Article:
An Entrepreneurial Approach to Growing Women’s Philanthropy

By Lauren Brathwaite   |   May 20, 2024

Jeannie Infante Sager, director of the Women’s Philanthropy Institute (WPI) situated within the Indiana University Lilly Family School of Philanthropy, brings a unique perspective as a seasoned frontline fundraiser and nonprofit leader. “What drew me to the institute was this entrepreneurial approach to improving behaviors in the (philanthropic) field and growing women’s philanthropy in a much more focused and intentional way,” says Sager. 

WPI, founded in 1991 as the National Network of Women as Philanthropists, conducts, curates, and disseminates in-depth research so that women’s philanthropy, and philanthropy dedicated to uplifting women and girls, can grow. 

WPI is part of the acclaimed Lilly Family School of Philanthropy, the world’s first school dedicated solely to the study and teaching of philanthropy. The Lilly Family School of Philanthropy is a treasure trove of philanthropic resources, research, and learning opportunities for those interested in pursuing a career in philanthropy. 

A Global Hub for Harnessing the Power of Women’s Philanthropy

Sager joined WPI in early 2020 amidst global health challenges. She immediately focused on enhancing WPI’s global standing as a hub for women’s philanthropy, study, and education. With an existing audience of fundraisers and wealth advisors, she aimed to expand the network of donors and women philanthropists, instilling confidence by showcasing their role in the research. Sager believes a philanthropist’s identity is reflected in how they give and express generosity.

“Where I hope the work of translational research impacts the practice is that more women continue to self-identify as philanthropists. And that they can confidently contribute new and expanded resources to and for the public good, and that they’re showing up in different ways,” says Sager.

While there is great enthusiasm surrounding the increased visibility of prominent women – such as MacKenzie Scott and Melinda French Gates – who openly express their philanthropic agency, to unlock the full potential of women’s philanthropy, WPI knows that we must understand how gender shapes giving. Their research seeks to answer why women give where they give.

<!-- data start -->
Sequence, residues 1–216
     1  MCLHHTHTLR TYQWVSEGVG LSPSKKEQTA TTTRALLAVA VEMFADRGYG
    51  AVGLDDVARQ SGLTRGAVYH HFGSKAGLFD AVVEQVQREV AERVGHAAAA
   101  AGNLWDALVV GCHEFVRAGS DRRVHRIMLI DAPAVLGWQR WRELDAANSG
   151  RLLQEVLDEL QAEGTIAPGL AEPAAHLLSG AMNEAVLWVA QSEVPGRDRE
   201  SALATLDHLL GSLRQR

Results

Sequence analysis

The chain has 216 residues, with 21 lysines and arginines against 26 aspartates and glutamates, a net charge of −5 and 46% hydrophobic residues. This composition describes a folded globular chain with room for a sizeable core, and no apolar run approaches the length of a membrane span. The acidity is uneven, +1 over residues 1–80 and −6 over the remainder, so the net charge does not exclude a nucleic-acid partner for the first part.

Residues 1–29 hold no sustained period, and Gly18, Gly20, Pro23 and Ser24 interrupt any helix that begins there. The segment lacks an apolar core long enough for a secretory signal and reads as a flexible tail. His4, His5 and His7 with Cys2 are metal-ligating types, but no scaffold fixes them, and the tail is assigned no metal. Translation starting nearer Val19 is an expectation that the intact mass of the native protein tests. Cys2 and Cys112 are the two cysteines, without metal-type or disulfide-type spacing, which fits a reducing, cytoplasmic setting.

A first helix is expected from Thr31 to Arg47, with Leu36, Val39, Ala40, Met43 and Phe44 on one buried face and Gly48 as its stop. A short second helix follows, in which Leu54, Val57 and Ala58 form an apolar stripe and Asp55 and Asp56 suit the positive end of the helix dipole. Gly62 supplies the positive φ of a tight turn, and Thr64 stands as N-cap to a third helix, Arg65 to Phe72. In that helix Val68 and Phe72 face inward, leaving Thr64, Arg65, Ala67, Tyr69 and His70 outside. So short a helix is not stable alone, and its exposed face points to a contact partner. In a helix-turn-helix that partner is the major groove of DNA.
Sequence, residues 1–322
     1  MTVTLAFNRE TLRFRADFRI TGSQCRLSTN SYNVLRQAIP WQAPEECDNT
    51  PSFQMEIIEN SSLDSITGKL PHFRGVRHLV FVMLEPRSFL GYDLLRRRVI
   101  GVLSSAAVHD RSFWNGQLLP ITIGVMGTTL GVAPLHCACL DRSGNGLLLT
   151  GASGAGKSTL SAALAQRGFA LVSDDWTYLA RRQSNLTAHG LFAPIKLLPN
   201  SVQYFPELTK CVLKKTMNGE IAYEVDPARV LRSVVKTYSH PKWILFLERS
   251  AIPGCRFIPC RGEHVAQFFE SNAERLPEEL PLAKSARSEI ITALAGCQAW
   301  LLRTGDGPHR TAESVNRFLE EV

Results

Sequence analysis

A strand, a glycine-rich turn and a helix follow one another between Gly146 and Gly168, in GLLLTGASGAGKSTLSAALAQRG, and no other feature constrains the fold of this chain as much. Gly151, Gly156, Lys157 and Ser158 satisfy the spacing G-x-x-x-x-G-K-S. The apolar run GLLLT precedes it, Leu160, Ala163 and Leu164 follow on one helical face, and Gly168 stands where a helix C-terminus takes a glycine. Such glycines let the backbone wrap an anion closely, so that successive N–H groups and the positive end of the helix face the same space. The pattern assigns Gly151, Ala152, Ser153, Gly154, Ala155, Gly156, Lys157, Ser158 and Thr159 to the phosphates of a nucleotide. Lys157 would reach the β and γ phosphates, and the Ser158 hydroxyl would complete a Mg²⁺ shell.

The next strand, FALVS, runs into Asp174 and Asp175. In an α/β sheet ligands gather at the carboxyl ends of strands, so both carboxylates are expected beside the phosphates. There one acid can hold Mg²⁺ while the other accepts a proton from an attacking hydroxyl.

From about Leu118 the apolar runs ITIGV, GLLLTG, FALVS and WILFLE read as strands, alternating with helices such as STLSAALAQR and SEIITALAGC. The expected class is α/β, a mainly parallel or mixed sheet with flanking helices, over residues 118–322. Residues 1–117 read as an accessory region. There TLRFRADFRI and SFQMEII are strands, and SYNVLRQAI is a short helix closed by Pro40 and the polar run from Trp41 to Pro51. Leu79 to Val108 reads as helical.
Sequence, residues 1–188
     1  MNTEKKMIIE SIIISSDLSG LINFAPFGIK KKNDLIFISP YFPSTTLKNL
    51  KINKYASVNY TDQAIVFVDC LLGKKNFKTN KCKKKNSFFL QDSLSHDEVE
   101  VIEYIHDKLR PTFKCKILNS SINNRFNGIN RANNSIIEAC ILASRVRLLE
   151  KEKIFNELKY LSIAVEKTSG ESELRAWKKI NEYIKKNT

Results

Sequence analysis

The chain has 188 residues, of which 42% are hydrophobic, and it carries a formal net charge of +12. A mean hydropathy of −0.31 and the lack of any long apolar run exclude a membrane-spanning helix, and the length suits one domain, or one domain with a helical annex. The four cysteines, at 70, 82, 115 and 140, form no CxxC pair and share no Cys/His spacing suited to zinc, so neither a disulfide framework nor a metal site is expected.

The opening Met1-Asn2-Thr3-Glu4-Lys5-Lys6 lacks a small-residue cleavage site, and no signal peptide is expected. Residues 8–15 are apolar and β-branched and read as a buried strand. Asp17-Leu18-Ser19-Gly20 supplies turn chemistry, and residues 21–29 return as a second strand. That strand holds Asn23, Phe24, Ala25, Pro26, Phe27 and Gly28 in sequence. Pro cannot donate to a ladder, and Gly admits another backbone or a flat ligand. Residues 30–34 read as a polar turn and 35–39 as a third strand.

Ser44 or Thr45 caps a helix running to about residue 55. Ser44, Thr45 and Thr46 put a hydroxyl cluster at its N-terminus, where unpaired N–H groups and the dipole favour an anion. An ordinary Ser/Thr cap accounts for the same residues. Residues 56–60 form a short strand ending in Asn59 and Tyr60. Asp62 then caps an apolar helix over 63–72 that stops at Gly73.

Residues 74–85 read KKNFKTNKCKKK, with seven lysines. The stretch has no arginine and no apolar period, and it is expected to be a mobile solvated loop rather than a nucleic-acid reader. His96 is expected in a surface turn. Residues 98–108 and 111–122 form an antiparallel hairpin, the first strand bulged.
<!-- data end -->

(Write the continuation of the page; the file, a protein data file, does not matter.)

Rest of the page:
Sager firmly believes the ongoing growth of women’s wealth will drive more philanthropy, an underpinning of WPI’s research. However, she expresses the importance of delving deeper into understanding how women make financial decisions, not just in their philanthropy but also in managing their other finances.

“Reports suggest that 90% of women say that they’re the chief financial officer of their households, so we want to continue to better understand why women seem more inclined than men to use their wealth for philanthropy,” says Sager.

She states that figures like French Gates stress that supporting women and girls translates to supporting communities and society, given that women often set goals considering both their families and the broader community.

Research Can Drive Transformative Philanthropy

WPI is the only academic institute committed to furthering understanding of gender and philanthropy through research, education, and data. WPI’s research can help fundraisers and donors understand context for giving and can provide evidence-based data to help both groups proceed with confidence. 

Among their stellar research is their signature series, Women Give, a compilation of yearly research reports that highlight vital factors that shape gender-based giving (such as age, religion, and income) to help to encourage transformative philanthropy. 

Sager believes that WPI’s research has the potential to uplift, amplify, and inspire more women to fully embrace and step into these influential roles.

Research Helping to Define Need

Another WPI flagship research project is the Women & Girls Index (WGI), which provides the only comprehensive data on organizations dedicated to women and girls and tracks the philanthropic support they receive. U.S. nonprofits focused on advancing these causes received $8.8 billion in philanthropic support in 2020. This amount constitutes just 1.81% of the total charitable giving landscape.